Raila’s order on dredging muddies political waters

Monday, October 7th, 2019 00:00 |
ODM leader Raila Odinga is briefed by Col Laurence Gituma on the ongoing efforts to recover the bodies of mother and daughter who drowned in the Likoni Ferry Channel on September 29. The former PM visited the site last Saturday. Photo/PD/Bonface Msangi

Antony Mwangi and Eric Wainaina

An order by Opposition leader Raila Odinga to stop dredging in the Indian Ocean to facilitate the recovery of the bodies of a mother and her daughter has escalated the rift between his supporters and those of Deputy President William Ruto.

While Ruto’s backers accuse the African Union High Representative on Infrastructure of abusing his closeness to President Uhuru Kenyatta to make government pronouncements, his supporters say he is within his rights.

On Saturday, Raila said the dredging was interfering with the efforts of divers to locate the bodies of Mariam Kighenda and her four-year-old daughter, Amanda, who drowned when their car rolled off the ferry in the Likoni Channel on September 29. He directed that the dredging stopped.

But Jubilee politicians said the ODM leader did not have the powers to give any orders and told concerned officials to ignore them.

Ignore order

“We are asking civil servants to ignore such orders. That fellow (Raila) has no capacity to issue any orders to anybody in government and if you follow them, that is your problem. He is in the opposition and he should limit himself to the privileges that have been given to him,” Mathira MP Rigathi Gachagua said.

But according to ODM chairman John Mbadi, the former premier did nothing wrong, considering he was accompanied by a government delegation.

Raila’s involvement in State matters, he said, has the blessings of President Uhuru Kenyatta.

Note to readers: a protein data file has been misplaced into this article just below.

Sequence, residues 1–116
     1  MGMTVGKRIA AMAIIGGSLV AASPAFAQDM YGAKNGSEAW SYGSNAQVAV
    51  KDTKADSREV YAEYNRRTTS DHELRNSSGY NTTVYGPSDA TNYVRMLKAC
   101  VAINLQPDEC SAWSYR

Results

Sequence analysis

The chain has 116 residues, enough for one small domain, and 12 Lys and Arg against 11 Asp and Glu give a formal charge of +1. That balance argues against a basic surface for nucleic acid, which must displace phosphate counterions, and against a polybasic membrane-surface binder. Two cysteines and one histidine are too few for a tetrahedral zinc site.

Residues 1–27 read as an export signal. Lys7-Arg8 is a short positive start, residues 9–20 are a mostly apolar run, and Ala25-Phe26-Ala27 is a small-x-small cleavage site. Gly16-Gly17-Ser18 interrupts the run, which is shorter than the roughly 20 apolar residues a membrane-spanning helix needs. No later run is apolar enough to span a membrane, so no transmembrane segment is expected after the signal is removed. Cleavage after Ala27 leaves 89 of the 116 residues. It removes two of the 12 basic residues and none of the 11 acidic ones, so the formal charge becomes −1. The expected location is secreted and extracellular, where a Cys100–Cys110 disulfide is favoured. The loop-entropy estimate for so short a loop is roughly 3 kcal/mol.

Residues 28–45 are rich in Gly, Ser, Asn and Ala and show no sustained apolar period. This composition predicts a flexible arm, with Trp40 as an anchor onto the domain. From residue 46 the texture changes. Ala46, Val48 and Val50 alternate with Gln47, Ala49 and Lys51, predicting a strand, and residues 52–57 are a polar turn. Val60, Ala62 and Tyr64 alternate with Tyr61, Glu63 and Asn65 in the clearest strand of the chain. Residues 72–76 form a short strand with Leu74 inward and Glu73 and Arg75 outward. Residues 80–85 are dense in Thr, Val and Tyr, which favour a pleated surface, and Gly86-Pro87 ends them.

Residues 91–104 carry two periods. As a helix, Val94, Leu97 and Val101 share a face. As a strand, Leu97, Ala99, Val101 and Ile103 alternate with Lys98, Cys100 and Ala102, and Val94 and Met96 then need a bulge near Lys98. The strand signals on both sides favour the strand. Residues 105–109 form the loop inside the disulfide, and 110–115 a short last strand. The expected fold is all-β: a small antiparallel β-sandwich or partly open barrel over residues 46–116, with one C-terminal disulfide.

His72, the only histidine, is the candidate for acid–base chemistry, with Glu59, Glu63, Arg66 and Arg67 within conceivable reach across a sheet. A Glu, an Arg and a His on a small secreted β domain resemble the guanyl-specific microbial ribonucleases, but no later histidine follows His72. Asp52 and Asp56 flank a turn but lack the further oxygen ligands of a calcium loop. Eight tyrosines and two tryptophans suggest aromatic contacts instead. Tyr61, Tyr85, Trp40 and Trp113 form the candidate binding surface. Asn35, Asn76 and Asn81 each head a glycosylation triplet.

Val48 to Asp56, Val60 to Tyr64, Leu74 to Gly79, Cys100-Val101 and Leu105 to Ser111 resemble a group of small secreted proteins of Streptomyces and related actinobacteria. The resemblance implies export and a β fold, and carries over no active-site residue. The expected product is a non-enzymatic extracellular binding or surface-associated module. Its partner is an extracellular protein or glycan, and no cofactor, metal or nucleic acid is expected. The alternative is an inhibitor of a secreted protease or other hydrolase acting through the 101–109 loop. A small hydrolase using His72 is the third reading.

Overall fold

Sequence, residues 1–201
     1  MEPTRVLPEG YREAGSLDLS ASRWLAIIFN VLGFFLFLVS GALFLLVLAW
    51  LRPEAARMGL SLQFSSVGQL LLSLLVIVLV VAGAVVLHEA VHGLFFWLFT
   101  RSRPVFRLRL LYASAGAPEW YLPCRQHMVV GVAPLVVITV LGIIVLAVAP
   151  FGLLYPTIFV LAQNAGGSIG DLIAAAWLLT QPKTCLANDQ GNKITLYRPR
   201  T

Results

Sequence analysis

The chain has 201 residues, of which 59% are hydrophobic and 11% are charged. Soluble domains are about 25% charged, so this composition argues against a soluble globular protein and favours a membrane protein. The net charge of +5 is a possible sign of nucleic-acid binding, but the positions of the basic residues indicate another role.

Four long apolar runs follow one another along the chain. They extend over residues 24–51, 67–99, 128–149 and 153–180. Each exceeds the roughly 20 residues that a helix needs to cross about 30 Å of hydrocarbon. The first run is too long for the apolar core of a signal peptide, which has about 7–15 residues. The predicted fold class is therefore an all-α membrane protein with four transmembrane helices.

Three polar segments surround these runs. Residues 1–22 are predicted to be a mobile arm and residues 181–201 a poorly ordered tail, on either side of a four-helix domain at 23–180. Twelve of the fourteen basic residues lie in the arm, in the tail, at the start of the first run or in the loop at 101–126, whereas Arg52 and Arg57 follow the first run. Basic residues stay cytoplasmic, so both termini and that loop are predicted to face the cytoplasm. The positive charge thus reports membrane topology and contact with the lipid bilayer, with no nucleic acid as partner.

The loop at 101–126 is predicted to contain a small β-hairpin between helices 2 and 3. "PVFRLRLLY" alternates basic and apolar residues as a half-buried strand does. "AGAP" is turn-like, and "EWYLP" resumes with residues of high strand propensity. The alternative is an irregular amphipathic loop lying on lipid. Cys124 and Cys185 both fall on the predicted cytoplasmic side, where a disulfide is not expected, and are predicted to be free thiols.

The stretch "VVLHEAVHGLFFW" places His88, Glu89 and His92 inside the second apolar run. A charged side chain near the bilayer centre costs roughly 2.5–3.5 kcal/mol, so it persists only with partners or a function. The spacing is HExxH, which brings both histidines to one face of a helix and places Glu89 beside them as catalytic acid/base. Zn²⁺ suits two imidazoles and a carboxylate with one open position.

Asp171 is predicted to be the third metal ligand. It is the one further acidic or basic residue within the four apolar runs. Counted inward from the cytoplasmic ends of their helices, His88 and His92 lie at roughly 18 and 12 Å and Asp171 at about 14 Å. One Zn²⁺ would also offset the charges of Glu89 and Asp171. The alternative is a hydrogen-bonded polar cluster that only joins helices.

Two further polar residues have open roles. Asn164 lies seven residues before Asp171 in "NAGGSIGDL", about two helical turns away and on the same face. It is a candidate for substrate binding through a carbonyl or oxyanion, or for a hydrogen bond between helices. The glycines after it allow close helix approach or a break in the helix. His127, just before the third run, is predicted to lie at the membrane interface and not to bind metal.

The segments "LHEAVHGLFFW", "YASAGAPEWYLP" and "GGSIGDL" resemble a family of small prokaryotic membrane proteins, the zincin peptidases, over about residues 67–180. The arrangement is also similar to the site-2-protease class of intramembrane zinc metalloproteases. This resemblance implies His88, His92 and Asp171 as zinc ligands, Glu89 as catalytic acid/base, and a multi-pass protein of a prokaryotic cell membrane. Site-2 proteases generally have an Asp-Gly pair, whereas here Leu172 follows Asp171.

“Those complaining should go back to the Handshake and look for the fundamental issues and also follow what the President has been saying. Uhuru has been saying he is working closely with Raila and is consulting him regularly,” Mbadi told People Daily in a phone interview.

The Leader of Minority in the National Assembly said it was only the Tanga Tanga wing of Jubilee that was uncomfortable with Raila for political reasons.

He said Raila’s critics should be alive to the “harsh reality” that he is now part of the government.

Within rights

Minority Whip Junet Mohammed was more emphatic about his boss’s role in government, saying by issuing the directive, he was within his rights since he is now “part of the Executive”.

“Raila was within his rights to issue the directive. He is part of the Executive,” said the Suna East MP said.

Another key Raila ally, Senate Minority Leader James Orengo, recently said the Handshake had created two centres of power — one at State House and another at Capitol Hill Square, Raila’s office.

This, he said, could be confirmed by visits of top State officials and the President’s allies who have been trooping to Capitol Hill for official matters.

The former Prime Minister has been getting regular briefings from Cabinet secretaries and is normally accompanied by State officers when he tours government projects.

Last month, Raila met Public Service Cabinet Secretary Margaret Kobia at his private offices where she briefed him on the arrangements for the International Youth Day which was observed on August 12.

On March 4, he held a consultative meeting with Agriculture CS Mwangi Kiunjuri and other stakeholders on the challenges facing the sugar sector.

Ruto’s allies have been demanding that the President come  clean on Raila’s role in government.

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